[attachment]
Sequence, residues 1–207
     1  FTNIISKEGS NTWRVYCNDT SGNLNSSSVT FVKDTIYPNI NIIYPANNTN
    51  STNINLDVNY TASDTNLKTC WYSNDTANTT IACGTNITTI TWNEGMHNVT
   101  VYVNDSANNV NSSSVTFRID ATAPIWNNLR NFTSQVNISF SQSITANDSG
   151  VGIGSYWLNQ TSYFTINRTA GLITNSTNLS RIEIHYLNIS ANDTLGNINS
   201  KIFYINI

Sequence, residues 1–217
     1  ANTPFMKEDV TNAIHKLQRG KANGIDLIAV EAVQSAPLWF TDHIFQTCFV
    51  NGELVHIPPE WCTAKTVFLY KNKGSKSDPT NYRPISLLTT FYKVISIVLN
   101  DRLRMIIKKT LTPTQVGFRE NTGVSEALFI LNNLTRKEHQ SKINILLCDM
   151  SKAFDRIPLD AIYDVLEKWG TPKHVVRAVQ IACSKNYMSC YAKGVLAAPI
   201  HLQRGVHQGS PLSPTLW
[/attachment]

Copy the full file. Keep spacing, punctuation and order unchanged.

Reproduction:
Sequence, residues 1–207
     1  FTNIISKEGS NTWRVYCNDT SGNLNSSSVT FVKDTIYPNI NIIYPANNTN
    51  STNINLDVNY TASDTNLKTC WYSNDTANTT IACGTNITTI TWNEGMHNVT
   101  VYVNDSANNV NSSSVTFRID ATAPIWNNLR NFTSQVNISF SQSITANDSG
   151  VGIGSYWLNQ TSYFTINRTA GLITNSTNLS RIEIHYLNIS ANDTLGNINS
   201  KIFYINI

Sequence, residues 1–217
     1  ANTPFMKEDV TNAIHKLQRG KANGIDLIAV EAVQSAPLWF TDHIFQTCFV
    51  NGELVHIPPE WCTAKTVFLY KNKGSKSDPT NYRPISLLTT FYKVISIVLN
   101  DRLRMIIKKT LTPTQVGFRE NTGVSEALFI LNNLTRKEHQ SKINILLCDM
   151  SKAFDRIPLD AIYDVLEKWG TPKHVVRAVQ IACSKNYMSC YAKGVLAAPI
   201  HLQRGVHQGS PLSPTLW